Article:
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Is tribalism strengthening the private club industry?

THE TERM “TRIBALISM” has received a proliferation of media coverage, all noting the trend’s recent influence on technology, politics, special interests, socio economics, and more. At its most basic level, tribalism describes the innate human desire to belong to a group of people who think and feel the same as you. Although critical to the process of evolution, its rich social structure took a backseat to the shared ideals of a new America. The private club became a hybrid of sorts, designed to appeal to common interests and deliver a shared experience in exchange for mass coalescence.

Today, sweeping demographic change in the American landscape has put tribalism back in the driver’s seat. New, nontraditional and multi-cultural norms focused on individuality and close interpersonal relationships are being established, and the modern consumer wants customized experiences on demand. As a society, we rarely watch television together anymore, we’re following the whim of our taste buds and dining out more than we’re eating in, and we’re more inclined to point and click for our needs and wants rather than stroll a shopping mall with one another.

So, what does it all mean for the private club industry?

Ours is a strange and beautiful world in so many ways. We often build a home (clubhouse) that features a kitchen, dining room (restaurant), family room (bar), bathrooms (locker rooms), and formal living rooms that are reserved for special occasions and guests (banquet and conference space). We complement this with an expensive backyard (golf course) and add in the latest toys (pool, tennis courts, fitness centers, and more). We then invite as many neighbors as we need (or want) to come over to our house and play, asking that they treat each other kindly and requiring that they consume a certain amount of food, dress as they are told, and pay for the privilege of use no matter how much it costs—as long as it doesn’t cost too much. The neighbors (members) rotate in and out of the role as head of household (club presidents), and too often the neighbors (members) undervalue the good faith efforts of the other rotating volunteers (boards and committees) because their subjective interests or freedoms are not uniformly met.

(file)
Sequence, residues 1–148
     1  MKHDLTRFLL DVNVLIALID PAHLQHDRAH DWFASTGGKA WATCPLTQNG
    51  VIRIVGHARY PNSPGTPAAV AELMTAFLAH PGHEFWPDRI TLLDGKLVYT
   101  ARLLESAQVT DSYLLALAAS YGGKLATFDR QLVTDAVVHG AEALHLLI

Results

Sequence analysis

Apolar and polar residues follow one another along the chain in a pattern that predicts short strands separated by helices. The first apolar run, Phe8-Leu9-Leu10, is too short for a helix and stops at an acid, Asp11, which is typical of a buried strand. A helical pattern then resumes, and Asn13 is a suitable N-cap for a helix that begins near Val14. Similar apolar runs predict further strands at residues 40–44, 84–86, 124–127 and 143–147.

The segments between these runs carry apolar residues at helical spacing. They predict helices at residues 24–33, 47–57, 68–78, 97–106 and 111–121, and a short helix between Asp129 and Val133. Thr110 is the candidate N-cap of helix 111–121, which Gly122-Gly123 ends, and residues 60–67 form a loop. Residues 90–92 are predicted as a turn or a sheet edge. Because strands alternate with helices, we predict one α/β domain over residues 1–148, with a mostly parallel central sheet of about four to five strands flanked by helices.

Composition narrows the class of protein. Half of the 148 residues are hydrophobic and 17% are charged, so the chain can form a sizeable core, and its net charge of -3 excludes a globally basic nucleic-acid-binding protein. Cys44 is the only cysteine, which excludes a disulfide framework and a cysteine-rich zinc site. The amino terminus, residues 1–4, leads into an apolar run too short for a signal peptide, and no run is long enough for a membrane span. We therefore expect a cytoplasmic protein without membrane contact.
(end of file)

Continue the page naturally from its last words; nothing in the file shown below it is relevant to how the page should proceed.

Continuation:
The record level of capital reinvestment in our industry is a healthy sign that private clubs from coast to coast are meeting the challenges head on, but the clubs that become stronger as a result will be those who fully understand the distinct preferences represented in the tribe they serve. Only then will they be able to inspire and attract a more evolved membership base that can only be coalesced through a shared desire to enrich their own lives as individuals. The industry is poised to reinvent itself, invigorated by the both the threats and opportunities tribalism has fueled. What a ride this should be.

Rob DeMore is president of Troon Privé. He can be reached at [email protected] or visit and